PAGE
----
12 Strategies to Reduce Energy and GHGe Intensity Decreasing Non-Revenue Water (NRW) decreases water pumped = lower electrical use Increase Pumping Efficiency Conduct pump tests and optimize efficiency by trimming or replacing impellers Install VFDs to maximize pump efficiency at each pump demand Install new high efficiency pumps and motors Upgrade lighting to latest generation florescent lighting Optimize HVAC systems to provide only that level of cooling or dehumidification that is needed
13 Developing a Baseline - Electricity 3.5% increase
14 GHGe Intensity - Electrical Biggest increases in Southeast and Western Regions
15 Possible Sources of Variation in Energy and GHG Intensity 1.Changes in Treatment Process: UV, Ozone, Membranes? 2.Changes in ratio of Purchase Water? 3.Variation in Water Sources? 4.Variation is usage: Pumping to storage? Aquifer Storage Recovery? 5.Increases the amount of wastewater treatment? –WW treatment uses 10% more electricity per kgal than water treatment 6.Impacts of Pressure Management: Increasing distribution system pressure increases energy intensity. 7.Unknown???
16 Technology Solutions Increased Energy Consumption Climate Change Drought, Saltwater Intrusion, Unpredictable Weather Patterns Water Resource Challenges Water Resource Solution Cycle Innovative Solutions are needed to break this cycle!
17 Non-Revenue Water American Water has a goal of reducing non-revenue water Need to track and translate NRW reductions into GHG reductions Research on acoustic leak detectors (M-LOG) in Connellsville, PA has resulted in a 12% reduction in NRW over the past year Pressure management to reduce surges that lead to leaks
18 Water Conservation / Reuse Maximize conservation efforts Education Conservation tariff structures Need to maximize reuse opportunities Annually AW recycles nearly 2 billion gallons of water On-going research on reuse water quality WaterSense In Camden, NJ we are working with the Carpenter’s Society to demonstrate water saving appliances and fixtures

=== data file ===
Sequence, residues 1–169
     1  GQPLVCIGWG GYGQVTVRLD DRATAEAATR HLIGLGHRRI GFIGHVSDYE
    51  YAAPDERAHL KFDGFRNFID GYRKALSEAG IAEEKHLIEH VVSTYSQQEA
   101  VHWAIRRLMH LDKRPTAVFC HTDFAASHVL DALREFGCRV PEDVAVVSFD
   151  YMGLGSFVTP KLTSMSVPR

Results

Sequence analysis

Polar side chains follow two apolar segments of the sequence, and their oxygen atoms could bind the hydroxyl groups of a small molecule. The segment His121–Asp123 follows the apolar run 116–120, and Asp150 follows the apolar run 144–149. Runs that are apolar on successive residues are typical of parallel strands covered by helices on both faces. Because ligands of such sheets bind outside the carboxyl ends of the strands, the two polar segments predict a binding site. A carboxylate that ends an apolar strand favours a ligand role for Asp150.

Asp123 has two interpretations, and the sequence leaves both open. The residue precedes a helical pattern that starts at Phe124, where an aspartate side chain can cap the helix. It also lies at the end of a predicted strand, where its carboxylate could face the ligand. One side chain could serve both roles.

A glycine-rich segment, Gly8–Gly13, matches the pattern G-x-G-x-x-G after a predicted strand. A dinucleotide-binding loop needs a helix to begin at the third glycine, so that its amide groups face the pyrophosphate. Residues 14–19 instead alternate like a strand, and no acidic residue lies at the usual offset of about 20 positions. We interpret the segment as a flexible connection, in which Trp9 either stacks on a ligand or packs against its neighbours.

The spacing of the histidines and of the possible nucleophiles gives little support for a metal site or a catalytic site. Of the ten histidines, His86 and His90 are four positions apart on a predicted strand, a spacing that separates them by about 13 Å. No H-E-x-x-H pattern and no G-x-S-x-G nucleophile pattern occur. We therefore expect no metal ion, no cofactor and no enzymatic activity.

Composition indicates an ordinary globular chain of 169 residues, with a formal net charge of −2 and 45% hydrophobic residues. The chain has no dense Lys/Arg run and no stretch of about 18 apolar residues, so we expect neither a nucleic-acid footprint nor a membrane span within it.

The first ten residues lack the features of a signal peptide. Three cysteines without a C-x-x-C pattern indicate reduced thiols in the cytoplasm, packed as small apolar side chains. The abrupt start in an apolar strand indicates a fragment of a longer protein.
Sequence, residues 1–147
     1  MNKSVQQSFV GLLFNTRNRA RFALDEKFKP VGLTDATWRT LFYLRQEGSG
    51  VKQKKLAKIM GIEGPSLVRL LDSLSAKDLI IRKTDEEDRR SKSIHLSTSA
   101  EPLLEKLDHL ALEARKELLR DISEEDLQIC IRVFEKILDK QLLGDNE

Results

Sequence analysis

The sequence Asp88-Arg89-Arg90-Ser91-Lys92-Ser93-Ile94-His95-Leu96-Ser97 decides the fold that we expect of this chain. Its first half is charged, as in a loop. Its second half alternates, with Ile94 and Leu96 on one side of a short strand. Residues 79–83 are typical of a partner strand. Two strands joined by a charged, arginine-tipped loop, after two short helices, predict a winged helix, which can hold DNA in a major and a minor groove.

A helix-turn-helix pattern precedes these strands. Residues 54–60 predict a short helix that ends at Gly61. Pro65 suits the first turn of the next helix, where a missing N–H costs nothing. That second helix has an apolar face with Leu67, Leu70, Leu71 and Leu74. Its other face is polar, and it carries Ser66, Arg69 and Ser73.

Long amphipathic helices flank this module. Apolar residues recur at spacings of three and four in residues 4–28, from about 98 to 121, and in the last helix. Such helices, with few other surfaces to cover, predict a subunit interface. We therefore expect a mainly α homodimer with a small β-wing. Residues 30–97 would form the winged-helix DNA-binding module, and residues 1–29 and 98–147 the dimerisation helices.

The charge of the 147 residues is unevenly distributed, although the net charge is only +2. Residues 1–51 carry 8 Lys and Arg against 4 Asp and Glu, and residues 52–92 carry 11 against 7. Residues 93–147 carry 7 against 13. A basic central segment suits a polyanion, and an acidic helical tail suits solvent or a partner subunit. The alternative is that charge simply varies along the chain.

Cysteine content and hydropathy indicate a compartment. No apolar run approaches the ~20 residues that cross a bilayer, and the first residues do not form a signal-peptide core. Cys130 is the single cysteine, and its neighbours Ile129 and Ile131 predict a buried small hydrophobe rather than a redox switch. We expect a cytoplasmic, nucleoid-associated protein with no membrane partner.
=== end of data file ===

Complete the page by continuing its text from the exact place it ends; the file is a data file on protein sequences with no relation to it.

19 Operations Increase pump efficiencies More VFDs High efficiency pumps & motors Pump tests: trim or replace impellers SCADA and energy optimization Pumping/storage management Lighting New generation T8 lighting Energy audits P = Q h/ where: P = power required Q = volumetric flow rate = unit weight of the water pumped h = pump head = pump efficiency
20 Energy Audits Typical AW & Industry Findings Improvements with acceptable payback (typ. < 6 years) Trim or replace pump impellers Add a VFD (variable frequency drive) Install new fluorescent lighting- replacing existing lighting just 2 or 3 years old often has a payback of less than two years! Shift a portion of pumping to times with lower energy costs Modify HVAC operations; e.g. temperature settings
21 Results of Previous Energy Audits ( ) Recommended Improvements (E.g. replace impellers, install VFDs, install high efficiency lighting) PAAW SystemCapital Cost ($)Annual Savings ($/yr)Payback (years) PITTSBURGH$673,500$197, MECHANICSBURG$148,500$64, NEW CASTLE$17,400$58, MILTON/WHITE DEER$78,000$40, INDIANA$32,000$31, HERSHEY$12,000$28, ELLWOOD$33,500$24, BUTLER$3,000$12, Total =$1,992,800$903,9012.2
22 Procurement Green Energy Production Solar Generation Tax Incentives Green Energy Procurement Wind Power
23 Canal Road Solar Array 590 kW ground-mounted photovoltaic system Produces 687,000 kilowatts of energy / year Eliminates 721,245 pounds (327 metric tons) of CO2e per year
24 Other Programs Fleet management Hybrid cars Bio-diesel trucks Forestry programs for sequestration Employee involvement Lights off in unoccupied rooms, Computers/monitors in sleep mode Vehicle “no idle” policy Wastewater Methane generation/combustion Landfill methane generation N 2 O reduction by process modification
25 Conclusions Addressing climate change makes good business sense Water utilities are not just the recipients of the effects of climate change, they are also part of the problem! Climate Leaders (and similar programs for municipal systems) provide a structured mechanism for documenting and reducing GHGe For American Water, 92.4% of GHGe is indirect from electrical use and 3.5% from vehicle fuels Multiple mechanisms exist to reduce GHGe including leak reduction, conservation, pump efficiency improvements, energy audits, pressure management, procurement, fleet management, efficient lighting and air conditioning.